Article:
Things have an internal equivalent in me; they arouse in me a carnal formula of their presence. Why shouldn’t these correspondences in turn give rise to some tracing rendered visible again, in which the eyes of others could find an underlying motif to sustain their introspection of the world?
Maurice Merleau-Ponty, Eye and Mind
...to make visible how the world touches us
Merleau Ponty, Cezanne’s Doubt
...When Rodin gave unity to his works by the climaxes of the planes, when he increased elevations and gave greater depths to hollows, he dealt with his sculpture as the atmosphere had dealt with things exposed to it through centuries.
Rainer Maria Rilke, Auguste Rodin
Artist Statement: August 2020
Evoking the growth of plants or the erosion of rock, my recent ceramic sculptures link the effects of natural forces to the animating force of human feeling. Enlivened by the pressure of the hand, these works seem to grow out of themselves, whether modulating around or emerging from a central hollow core. They suggest both the coming-into-being of perception and the continuous transformation of matter by natural processes.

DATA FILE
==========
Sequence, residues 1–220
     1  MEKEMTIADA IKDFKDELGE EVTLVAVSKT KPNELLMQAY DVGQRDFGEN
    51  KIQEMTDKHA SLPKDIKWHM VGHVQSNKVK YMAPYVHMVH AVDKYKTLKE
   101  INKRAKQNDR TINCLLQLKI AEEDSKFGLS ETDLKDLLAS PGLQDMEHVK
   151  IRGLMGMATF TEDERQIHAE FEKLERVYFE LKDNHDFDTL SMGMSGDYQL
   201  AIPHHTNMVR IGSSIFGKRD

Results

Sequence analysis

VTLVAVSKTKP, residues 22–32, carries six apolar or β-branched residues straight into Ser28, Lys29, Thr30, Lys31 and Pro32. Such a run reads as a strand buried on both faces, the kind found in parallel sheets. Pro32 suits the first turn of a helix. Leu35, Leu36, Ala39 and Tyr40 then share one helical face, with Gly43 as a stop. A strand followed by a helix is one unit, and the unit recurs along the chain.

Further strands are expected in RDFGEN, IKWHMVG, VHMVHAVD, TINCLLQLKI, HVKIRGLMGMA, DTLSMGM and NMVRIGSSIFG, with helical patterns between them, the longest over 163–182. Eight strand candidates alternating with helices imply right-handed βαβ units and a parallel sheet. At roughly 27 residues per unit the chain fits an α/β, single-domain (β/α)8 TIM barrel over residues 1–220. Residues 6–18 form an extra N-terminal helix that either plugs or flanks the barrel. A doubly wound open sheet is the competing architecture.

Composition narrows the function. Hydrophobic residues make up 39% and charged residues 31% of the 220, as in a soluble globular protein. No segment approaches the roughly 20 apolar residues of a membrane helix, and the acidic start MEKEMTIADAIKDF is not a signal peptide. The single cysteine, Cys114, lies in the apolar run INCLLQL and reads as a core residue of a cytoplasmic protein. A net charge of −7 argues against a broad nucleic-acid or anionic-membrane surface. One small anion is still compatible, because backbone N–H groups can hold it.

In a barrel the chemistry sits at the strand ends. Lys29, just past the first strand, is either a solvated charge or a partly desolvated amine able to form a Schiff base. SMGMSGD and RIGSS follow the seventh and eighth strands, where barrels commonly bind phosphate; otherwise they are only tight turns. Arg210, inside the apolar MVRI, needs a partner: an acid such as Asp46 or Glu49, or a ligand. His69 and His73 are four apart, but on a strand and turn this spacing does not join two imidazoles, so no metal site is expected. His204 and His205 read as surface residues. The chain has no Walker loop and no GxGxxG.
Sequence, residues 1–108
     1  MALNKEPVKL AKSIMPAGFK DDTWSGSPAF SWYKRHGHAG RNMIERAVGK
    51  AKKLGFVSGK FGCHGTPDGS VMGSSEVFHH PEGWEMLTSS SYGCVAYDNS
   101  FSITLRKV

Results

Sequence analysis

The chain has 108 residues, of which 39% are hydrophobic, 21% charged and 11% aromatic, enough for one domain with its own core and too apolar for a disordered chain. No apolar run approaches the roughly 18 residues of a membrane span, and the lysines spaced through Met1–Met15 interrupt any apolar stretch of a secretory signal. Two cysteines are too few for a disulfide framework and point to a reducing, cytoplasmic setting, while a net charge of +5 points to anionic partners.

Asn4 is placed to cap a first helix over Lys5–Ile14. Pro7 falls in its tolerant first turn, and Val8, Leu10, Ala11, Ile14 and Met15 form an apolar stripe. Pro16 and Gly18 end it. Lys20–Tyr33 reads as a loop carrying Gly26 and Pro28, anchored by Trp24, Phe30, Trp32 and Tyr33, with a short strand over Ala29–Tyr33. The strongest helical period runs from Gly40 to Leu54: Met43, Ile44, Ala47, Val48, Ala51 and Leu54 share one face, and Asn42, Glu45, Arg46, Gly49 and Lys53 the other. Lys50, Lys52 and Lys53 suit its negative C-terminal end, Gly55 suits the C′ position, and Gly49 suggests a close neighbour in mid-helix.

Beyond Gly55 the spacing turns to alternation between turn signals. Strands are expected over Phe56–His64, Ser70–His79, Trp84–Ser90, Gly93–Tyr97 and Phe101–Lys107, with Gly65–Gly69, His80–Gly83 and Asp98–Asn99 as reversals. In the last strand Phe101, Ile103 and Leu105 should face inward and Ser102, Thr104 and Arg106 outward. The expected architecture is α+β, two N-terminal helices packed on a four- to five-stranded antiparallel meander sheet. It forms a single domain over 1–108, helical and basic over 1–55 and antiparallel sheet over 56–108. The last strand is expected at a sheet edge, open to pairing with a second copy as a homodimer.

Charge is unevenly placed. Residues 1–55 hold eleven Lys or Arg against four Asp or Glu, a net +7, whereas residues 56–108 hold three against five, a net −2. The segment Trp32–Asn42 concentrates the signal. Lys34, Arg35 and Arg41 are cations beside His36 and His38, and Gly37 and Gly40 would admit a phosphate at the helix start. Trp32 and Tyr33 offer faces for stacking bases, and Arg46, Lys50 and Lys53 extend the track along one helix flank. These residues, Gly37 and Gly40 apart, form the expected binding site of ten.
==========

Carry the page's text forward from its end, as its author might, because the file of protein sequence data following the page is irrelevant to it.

Among other distinct expressions of transformation are the sculptures in the “forest” series. These standing bas-reliefs embody the meeting of vision — light and depth, branches and leaves — with the constructive insight of the imagination. Initiated as plein-air exercises in observation, these works evolved into their ultimate form through the pairing down and accentuating of formal connections. The result, to paraphrase philosopher Merleau-Ponty, is something like an “internal equivalent” of the visible, “in which the eyes of others could find an underlying motif to sustain their introspection of the world.” Tall and narrow, they point to the forest’s obscuring of depths, real or imaginary, beyond its veils of light and shadow.